Something I like especially about the Olivetti ads is the focus on the typewriter itself and its functions as art. Showcasing industrial design in this way was unusual. An added bonus is this approach kept the ads from becoming dated in the way so many of its competitors’ ads were, with their appeals to the vanity and simple-mindedness of women.

Of course, this kind of gender bias was par for the cultural course at that time. In the first episode of Mad Men, Joan shows Peggy her desk and remarks that the typewriter looks complicated but that’s it’s so easy a woman can use it. The funny thing is, they have the wrong motivation but the right result — an office machine should, in fact, be designed so that anyone can easily use it.

Mad Men


Mad Men will soon be back on AMC for its 2nd season. The setting, a Madison Avenue ad agency in 1960, is so interesting to me because it represents a turning point in advertising. Around this time advertisers started embracing conceptual ideas and humor instead of straight pitches, and watching the Sterling Cooper creative team dismiss these newfangled ideas is amusing. In the pilot, they debate the famous DDB Lemon ad for Volkswagen, and most of them don’t get it. That sets up the whole show — this is a group of old white guys about to be hit by a cultural revolution, and they aren’t going to be able to keep up.

Mad Men can be hard to watch at times, as many plot points center around a sexist, racist society that I am thankful not to live in. That’s not to say racism and sexism don’t still exist (see: Election 2008) but at least I don’t live in a time when it’s practically laughable to hire a woman as a writer. Rumor has it the show will resume two years in the future, which I think will be a good move. It allows the characters to experience cultural shifts and to grow emotionally more quickly.

But setting the serious stuff aside, the art direction alone is worth watching this show for: Sharp suits, perfectly tailored dresses, sleek mid-century furniture, intriguing vintage baubles, you name it. Nothing is overlooked.  (Of course, there are times it’s hard to see all this greatness through great clouds of cigarette smoke!)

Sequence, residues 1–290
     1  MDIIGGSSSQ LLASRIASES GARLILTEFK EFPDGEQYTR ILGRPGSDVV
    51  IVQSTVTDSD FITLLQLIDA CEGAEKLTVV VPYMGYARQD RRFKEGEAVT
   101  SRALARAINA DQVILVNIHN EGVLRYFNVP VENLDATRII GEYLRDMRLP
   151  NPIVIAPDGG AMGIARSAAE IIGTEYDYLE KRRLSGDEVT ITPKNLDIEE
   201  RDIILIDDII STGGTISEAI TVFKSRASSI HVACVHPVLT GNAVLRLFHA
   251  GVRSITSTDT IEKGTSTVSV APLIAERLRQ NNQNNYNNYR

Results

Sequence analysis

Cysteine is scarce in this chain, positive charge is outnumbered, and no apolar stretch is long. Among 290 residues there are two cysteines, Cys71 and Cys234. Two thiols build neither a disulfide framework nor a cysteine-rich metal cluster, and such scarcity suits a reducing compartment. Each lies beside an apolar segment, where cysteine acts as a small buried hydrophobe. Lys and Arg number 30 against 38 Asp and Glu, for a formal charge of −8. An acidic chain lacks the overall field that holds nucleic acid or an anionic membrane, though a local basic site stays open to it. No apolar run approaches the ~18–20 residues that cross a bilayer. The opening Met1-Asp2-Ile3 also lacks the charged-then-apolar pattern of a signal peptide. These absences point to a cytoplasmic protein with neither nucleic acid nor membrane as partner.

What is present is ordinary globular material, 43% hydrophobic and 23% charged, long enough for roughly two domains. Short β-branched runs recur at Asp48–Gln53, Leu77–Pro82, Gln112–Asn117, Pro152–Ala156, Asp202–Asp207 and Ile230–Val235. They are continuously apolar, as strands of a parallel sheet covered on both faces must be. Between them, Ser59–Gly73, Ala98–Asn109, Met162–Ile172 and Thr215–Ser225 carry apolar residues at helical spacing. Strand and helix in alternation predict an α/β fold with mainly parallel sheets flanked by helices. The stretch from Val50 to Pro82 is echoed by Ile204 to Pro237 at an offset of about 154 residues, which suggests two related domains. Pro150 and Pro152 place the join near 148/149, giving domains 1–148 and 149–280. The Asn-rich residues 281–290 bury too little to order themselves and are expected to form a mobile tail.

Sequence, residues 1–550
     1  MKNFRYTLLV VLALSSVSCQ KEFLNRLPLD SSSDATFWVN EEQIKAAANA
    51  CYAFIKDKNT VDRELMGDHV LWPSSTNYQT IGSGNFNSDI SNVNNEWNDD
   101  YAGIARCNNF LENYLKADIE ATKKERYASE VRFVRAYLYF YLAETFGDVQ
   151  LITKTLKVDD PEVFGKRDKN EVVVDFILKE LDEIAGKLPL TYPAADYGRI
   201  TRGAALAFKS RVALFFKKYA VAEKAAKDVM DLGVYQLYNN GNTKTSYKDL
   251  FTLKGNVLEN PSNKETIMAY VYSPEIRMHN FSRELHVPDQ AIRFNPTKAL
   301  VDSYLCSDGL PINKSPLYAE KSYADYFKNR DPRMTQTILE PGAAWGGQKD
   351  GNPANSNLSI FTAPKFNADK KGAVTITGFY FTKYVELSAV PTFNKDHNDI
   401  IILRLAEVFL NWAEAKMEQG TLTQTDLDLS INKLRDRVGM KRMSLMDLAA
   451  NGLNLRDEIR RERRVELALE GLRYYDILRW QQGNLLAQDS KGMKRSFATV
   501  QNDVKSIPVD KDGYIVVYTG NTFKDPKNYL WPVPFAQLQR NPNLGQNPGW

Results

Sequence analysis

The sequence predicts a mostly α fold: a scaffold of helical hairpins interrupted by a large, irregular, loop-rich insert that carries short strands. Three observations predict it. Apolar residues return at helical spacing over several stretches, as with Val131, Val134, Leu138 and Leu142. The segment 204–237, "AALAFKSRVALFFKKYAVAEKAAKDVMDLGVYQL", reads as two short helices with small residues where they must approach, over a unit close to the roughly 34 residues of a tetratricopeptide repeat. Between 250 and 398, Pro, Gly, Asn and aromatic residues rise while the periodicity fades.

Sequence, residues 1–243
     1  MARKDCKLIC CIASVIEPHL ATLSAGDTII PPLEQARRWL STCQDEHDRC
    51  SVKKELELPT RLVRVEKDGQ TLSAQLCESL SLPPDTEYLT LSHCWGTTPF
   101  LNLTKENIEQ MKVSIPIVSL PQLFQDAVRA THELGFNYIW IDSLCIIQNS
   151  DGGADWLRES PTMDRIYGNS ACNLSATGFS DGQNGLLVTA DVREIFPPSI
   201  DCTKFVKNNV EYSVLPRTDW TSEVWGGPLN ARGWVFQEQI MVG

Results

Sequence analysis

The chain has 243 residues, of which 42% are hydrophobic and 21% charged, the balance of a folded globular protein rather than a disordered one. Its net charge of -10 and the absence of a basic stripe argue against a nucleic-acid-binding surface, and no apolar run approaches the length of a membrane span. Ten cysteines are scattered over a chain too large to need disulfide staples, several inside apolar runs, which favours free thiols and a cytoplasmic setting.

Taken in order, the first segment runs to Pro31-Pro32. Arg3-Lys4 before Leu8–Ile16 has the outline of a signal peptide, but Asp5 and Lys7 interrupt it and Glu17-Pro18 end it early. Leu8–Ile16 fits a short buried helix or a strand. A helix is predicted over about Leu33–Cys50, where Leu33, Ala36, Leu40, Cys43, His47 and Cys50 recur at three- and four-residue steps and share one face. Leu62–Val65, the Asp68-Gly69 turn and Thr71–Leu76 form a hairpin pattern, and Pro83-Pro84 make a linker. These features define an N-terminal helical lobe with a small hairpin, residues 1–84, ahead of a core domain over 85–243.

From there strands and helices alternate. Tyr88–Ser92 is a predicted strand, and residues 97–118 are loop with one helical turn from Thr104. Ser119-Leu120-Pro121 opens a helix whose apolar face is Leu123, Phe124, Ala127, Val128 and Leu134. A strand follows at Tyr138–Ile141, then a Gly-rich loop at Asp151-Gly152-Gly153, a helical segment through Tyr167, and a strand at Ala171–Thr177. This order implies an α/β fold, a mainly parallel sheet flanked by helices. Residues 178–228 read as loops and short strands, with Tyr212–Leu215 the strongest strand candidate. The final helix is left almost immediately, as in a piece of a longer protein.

Great Moments in Advertising

The best part of having a DVR is skipping commercials, but once in a great while something is intriguing enough to make me to stop and rewind. Most reliably I stop for VW, Apple, and the celebrity Geico ads. My favorite Geico spokesperson was Peter Frampton — a little sad for him, but funny for us — until I saw the Mrs. Butterworth spot, which stole my heart. She turns every comment into something about pancakes, syrup, or glass bottles, and the very best moment comes at the end: when the Geico logo comes up on the screen she says “Oh dear, someone has put a logo over my face.” Blatant product cross-promotion aside, it’s hysterically funny.

I don’t know how effective these ads are in terms of generating sales. On the plus side, I’d guess they’ve created major, durable name recognition. I never forget who the advertiser is, which is certainly something funny ads struggle with. (We all remember herding cats, but do you know what the company was?) On the negative side, they have several entirely different advertising campaigns running simultaneously, which makes them look schizophrenic. Also, while the style of the ads skews young, I am not sure if anyone under 30 even gets the jokes. Do they know who Charo, Frampton, or Little Richard even are?

That said, I stop my Tivo to watch their ads and now I’m blogging about one of them. I’d say that qualifies as effective.